Rails 7 is now more flexible in terms of the front-end technologies we want to use for our projects. Webpacker has been retired and right now is not really recommended to use for new projects.
Make sure that your system has the latest Ruby installed. Check out Rodrigo’s post on Starting a New Ruby on Rails Project for details.
Let’s Get Started
Let’s start a project with this command:
bundle exec rails new . -a propshaft -j esbuild --database postgresql --skip-test --css tailwind
We use PostgreSQL instead of the default SQLite. Make sure that you have PostgreSQL installed on your machine. The fastest way is to install the Posgres.app. Or get your hands dirty by installing it via Homebrew.
We are skipping the default test library here as well. We highly recommend using RSpec instead.
We will use Propshaft as the asset handler and skip Sprockets.
Tailwind CLI for CSS packaging is used here. Since we specified esbuild, Rails assumes that we will use a Node.js-based tool. On the Gemfile,
cssbundling-rails will be added.
After this command, the Gemfile should contain the following entries:
gem "propshaft" gem "jsbundling-rails" gem "turbo-rails" gem "stimulus-rails" gem "cssbundling-rails"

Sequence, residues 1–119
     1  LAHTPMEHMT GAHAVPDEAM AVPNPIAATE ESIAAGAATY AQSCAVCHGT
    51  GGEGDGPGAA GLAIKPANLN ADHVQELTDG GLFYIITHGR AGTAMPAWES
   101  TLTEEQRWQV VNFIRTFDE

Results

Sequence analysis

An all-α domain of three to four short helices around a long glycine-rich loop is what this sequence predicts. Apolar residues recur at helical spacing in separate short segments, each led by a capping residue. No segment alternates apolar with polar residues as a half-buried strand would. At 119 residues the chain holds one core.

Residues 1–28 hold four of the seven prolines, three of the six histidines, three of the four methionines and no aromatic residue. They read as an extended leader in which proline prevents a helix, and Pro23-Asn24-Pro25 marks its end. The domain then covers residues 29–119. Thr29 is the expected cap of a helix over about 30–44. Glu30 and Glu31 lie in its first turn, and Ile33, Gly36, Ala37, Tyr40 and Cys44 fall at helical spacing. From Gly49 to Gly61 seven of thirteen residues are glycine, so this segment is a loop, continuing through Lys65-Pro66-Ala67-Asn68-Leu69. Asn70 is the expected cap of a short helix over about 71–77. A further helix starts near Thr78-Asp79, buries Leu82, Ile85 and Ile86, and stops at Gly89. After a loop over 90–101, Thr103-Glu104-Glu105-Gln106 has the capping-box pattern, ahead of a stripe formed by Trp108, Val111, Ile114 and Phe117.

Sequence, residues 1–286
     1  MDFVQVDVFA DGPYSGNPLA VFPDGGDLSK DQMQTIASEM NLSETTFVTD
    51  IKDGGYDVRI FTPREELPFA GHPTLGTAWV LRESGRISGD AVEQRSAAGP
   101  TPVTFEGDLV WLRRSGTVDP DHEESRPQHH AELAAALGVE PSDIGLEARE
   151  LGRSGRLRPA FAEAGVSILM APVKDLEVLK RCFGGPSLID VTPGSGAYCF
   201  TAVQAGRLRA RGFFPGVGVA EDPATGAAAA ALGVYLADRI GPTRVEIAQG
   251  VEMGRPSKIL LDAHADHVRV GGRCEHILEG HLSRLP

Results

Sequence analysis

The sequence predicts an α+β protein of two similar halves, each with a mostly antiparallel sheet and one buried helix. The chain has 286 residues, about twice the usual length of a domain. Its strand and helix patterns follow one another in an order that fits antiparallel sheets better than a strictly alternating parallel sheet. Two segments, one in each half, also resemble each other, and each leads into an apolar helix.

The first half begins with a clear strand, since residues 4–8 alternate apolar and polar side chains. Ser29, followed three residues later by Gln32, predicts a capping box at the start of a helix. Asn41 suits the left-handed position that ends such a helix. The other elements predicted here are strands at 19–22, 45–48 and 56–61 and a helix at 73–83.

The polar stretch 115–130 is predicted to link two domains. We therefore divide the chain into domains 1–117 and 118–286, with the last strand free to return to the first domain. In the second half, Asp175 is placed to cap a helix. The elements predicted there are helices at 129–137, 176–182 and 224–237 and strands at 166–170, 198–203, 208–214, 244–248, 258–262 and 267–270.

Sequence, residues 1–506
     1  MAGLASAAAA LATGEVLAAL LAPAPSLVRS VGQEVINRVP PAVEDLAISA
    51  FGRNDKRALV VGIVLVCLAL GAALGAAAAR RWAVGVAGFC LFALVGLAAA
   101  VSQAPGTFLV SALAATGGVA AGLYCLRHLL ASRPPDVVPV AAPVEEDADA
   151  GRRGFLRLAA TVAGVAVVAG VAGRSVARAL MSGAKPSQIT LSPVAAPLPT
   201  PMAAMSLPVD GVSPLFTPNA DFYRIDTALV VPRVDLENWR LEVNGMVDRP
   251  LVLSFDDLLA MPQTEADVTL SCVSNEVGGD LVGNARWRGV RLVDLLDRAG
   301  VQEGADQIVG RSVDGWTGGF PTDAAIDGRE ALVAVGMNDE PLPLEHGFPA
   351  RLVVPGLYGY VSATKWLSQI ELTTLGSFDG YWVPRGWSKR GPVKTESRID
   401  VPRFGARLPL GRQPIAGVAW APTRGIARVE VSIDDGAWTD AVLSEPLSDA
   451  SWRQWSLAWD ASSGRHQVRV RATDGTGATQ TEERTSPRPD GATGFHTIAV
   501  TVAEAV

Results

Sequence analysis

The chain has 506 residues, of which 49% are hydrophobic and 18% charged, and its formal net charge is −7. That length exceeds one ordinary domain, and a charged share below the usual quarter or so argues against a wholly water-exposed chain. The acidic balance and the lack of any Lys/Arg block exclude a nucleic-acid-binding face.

Turbo-rails and Stimulus-rails are defaults.
For the package manager, we will use Yarn, which is also the default choice of Rails. The
package.json should look like this:
dependencies part lists all the packages our run-time code depends on. We have 2 Hotwire libraries and 3 libraries for CSS processing, namely:
scripts part contains scripts that can be invoked by Yarn. The
build script (invoked via
yarn build) triggers esbuild to look at files in
build:css script calls Tailwind to output
application.css, this can be invoked by
Tailwind have a configuration file (
content section is used to determine the files to be used for the final CSS bundle.
applicaiton.tailwind.css file initializes Tailwind classes.
@tailwind base; @tailwind components; @tailwind utilities;
./controllers, which installs Stimulus. The Stimulus documentation explains further how to use it with Turbo.
// Entry point for the build script in your package.json import "@hotwired/turbo-rails" import "./controllers"
app/views/layouts/application.html.erb file should look like below.
Run the App
Rails use the Foreman gem. This allows the application to start multiple processes together. On your
bin/dev file, it checks if Foreman is installed and install it when it’s missing.
if ! foreman version &> /dev/null then echo "Installing foreman..." gem install foreman fi foreman start -f Procfile.dev "$@"
Procfile.dev file contains the processes we want to start. The items below starts 3 processes:
- The Rails server
--watchparameter, so it runs in the background when files change, and
yarn build:csswith a
--watchparameter too. This triggers Tailwind to bundle our CSS.
web: bin/rails server -p 3000 js: yarn build --watch css: yarn build:css --watch
Now let’s run the app by running
Note: If you haven’t created your database yet, run
rails db:create on the console.